Also, if you are up for it, what do you think about using a pneumatic transmission for your lift? If you have a 10 motor drivetrain, a properly constructed robot could go VERY far. Maybe not to worlds, but we will see I suppose.
Okay great. You don’t have a pushbot. (BTW pushbots can be actually be good sometimes. In Skyrise there was a pushbot in my state that was mostly defensive and could stop there opponents from accessing almost all of their scoring objects by pushing them into a corner.) Sorry, I did not mean to sound patronizing in my last post. I did see that you can hang. I did not mean to equate your robot to a block with wheals. If that is your definition of pushbot, then no, you do not have one. I was simply trying to say that simplicity and ease, while great, should not be sought after at the cost of effectiveness. I just don’t think a robot that can only hang and push will be very effective this season. But, as I have said about other designs I disagree with, by all means, prove me wrong.
In one of your posts you said
because you said it could move stars and cubes, I thought that meant you could only move them under the fence, instead of lift them over it. Is this not the case? When you said “lifting mechanism” do you mean your hanging mechanism or that you have a mechanism that can lift scoring object over the fence? If the later is true, then please discount everything I have said in these last two posts. If it is the former, I believe you should rethink your design. But that’s just my opinion. I am not the the supreme authority when it comes to robotics. (Trust me, I sent in an application for the job and it was denied :))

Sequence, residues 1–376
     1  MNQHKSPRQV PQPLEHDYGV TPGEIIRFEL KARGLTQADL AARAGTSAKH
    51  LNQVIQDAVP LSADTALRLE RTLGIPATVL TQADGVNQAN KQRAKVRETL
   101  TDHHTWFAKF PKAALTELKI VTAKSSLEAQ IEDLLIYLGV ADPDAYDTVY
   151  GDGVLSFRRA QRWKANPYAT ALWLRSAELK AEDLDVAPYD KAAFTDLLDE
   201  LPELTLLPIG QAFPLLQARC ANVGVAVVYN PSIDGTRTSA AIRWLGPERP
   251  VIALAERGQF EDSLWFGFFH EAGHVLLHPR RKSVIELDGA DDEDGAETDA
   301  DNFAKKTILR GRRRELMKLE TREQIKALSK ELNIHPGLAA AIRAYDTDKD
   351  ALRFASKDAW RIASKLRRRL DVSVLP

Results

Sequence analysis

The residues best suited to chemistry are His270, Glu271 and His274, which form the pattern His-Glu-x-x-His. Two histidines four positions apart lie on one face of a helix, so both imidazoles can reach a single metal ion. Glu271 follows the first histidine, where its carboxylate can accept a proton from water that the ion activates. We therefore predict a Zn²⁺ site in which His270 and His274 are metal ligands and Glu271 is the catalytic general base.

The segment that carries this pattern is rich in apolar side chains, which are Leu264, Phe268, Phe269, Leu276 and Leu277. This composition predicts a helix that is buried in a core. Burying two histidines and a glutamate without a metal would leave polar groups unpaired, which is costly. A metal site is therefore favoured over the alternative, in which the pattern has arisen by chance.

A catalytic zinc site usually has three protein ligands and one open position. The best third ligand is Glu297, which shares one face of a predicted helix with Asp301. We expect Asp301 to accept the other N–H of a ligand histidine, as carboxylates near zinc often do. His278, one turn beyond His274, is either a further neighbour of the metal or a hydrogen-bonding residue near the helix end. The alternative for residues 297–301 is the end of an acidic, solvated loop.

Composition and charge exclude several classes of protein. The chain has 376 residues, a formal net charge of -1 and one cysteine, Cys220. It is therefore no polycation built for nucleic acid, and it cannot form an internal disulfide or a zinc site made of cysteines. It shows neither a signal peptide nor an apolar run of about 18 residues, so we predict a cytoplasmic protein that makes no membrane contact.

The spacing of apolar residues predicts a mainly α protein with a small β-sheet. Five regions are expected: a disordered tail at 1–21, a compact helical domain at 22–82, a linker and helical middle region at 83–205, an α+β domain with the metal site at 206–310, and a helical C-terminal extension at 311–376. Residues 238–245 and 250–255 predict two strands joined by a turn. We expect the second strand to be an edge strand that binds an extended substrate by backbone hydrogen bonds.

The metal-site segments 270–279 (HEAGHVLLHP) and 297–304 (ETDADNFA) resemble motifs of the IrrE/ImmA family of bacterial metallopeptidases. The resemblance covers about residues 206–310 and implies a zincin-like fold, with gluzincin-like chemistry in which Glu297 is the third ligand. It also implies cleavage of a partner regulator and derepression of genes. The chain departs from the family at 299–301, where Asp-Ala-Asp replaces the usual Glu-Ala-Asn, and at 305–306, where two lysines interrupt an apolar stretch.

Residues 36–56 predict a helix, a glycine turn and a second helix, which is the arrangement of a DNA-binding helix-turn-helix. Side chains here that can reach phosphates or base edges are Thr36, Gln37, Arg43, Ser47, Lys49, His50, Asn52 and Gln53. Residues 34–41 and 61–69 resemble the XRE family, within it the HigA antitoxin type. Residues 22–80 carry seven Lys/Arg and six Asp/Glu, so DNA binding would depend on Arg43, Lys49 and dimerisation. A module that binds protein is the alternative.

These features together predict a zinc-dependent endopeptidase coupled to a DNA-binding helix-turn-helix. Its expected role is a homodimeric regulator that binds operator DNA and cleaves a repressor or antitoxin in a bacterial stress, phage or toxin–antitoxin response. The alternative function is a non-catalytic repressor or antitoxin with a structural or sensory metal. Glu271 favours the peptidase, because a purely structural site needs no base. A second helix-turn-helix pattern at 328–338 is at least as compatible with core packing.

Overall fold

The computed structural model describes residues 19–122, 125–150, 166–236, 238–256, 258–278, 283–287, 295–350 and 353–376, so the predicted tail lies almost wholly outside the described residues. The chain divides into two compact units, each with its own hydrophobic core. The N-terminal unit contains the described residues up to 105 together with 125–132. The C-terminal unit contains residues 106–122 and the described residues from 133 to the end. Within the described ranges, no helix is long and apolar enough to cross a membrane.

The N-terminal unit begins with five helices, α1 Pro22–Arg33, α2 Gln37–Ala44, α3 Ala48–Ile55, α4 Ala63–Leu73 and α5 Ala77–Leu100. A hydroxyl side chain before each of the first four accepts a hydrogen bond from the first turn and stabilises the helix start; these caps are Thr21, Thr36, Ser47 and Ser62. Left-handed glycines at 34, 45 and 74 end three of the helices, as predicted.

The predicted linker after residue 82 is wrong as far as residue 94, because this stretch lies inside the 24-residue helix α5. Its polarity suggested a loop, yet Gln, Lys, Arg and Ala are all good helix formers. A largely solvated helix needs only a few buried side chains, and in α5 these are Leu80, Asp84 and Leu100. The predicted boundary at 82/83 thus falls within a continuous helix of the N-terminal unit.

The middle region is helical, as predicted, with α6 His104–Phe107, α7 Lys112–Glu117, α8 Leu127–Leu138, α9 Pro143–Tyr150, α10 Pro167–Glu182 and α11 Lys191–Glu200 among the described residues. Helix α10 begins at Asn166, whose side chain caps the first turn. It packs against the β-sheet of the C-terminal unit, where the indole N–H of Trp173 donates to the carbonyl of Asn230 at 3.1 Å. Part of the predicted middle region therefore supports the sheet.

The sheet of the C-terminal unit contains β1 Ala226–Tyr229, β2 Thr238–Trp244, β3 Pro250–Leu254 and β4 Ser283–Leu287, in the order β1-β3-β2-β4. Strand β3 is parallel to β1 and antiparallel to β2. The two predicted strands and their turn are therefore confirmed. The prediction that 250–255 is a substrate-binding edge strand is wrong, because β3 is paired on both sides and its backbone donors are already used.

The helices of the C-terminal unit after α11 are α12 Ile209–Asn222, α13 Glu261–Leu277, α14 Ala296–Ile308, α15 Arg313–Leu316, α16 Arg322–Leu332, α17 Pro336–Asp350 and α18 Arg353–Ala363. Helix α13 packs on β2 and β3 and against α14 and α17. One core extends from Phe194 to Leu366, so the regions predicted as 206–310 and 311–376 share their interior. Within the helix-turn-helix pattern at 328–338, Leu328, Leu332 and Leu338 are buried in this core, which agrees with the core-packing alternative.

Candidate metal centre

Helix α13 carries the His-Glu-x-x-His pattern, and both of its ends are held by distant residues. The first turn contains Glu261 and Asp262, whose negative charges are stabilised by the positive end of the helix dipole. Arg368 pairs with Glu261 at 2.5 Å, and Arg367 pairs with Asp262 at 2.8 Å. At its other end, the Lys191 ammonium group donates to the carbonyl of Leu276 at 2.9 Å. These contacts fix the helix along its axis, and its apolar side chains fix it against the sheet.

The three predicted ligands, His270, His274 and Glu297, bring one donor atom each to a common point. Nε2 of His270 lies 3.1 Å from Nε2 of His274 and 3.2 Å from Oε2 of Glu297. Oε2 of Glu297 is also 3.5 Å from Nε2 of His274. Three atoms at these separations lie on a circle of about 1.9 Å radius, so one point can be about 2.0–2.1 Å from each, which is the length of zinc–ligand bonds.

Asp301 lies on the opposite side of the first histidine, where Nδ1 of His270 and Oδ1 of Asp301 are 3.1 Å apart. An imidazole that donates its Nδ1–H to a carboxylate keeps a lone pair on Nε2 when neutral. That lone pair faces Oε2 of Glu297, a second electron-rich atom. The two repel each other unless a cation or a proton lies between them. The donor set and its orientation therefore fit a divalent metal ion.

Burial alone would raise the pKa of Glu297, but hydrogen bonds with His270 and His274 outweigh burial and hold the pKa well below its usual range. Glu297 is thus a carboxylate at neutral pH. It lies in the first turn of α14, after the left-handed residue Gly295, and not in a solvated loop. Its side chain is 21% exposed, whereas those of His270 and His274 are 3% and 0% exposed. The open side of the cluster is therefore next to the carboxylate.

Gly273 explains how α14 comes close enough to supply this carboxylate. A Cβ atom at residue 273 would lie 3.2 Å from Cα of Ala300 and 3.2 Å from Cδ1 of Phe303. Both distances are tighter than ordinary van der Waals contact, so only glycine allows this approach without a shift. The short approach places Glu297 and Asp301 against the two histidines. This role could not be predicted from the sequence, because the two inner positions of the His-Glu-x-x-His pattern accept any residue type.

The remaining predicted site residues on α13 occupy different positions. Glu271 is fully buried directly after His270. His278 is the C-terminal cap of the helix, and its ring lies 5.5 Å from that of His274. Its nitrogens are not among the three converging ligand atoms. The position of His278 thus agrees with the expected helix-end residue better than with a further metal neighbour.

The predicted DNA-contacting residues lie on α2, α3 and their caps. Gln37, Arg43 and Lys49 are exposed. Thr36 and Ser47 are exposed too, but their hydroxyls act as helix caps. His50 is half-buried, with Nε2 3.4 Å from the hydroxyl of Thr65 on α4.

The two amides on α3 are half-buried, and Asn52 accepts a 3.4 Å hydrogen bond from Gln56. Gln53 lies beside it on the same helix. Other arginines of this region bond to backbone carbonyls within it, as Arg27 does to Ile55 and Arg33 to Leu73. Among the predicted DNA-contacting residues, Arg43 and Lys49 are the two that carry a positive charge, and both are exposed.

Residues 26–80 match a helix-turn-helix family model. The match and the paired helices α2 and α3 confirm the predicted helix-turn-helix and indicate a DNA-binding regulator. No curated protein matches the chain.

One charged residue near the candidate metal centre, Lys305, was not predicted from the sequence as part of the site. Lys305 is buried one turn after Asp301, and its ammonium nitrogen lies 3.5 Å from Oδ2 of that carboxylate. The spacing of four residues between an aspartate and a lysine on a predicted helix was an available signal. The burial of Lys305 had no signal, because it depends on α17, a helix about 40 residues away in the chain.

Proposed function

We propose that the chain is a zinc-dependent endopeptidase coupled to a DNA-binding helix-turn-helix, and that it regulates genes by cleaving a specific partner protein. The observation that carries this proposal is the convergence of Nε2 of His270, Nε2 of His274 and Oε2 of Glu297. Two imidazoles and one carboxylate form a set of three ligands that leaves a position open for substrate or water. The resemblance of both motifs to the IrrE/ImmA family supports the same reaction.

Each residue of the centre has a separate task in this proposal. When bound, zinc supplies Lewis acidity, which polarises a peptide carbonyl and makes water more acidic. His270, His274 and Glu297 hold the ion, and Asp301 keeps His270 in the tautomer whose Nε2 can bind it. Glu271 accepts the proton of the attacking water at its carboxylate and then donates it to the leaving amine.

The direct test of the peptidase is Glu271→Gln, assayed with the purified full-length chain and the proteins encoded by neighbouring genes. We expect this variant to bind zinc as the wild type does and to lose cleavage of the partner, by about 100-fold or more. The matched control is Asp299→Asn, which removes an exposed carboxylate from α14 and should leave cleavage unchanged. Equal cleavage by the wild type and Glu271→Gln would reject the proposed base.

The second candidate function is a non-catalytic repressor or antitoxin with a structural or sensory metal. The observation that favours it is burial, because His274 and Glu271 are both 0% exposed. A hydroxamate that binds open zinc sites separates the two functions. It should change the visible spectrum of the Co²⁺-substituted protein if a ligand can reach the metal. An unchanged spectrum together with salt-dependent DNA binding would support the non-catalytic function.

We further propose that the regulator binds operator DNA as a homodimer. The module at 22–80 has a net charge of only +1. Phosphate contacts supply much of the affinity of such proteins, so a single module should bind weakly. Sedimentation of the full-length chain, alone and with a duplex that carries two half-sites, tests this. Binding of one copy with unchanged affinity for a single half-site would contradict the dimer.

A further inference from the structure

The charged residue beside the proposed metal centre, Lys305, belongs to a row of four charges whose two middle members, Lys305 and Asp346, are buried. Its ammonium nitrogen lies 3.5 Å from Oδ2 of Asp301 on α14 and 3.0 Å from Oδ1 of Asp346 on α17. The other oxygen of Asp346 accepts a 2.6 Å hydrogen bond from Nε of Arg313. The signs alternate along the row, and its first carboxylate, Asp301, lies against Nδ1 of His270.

Glad I could help
OK, so first I should apologize for my initial reaction to your comment about my robot being a push-bot. I reacted mostly because the term “push-bot” is, at least in my team/school, somewhat derogatory as it usually denotes a team without a functional design beyond a drive. While I do admit that my current design probably does fit into that category, I am reasonably confident that we will be able to do well as a supporting team if not a high-scoring robot. I appreciate your critiques and once again apologize for my earlier snark.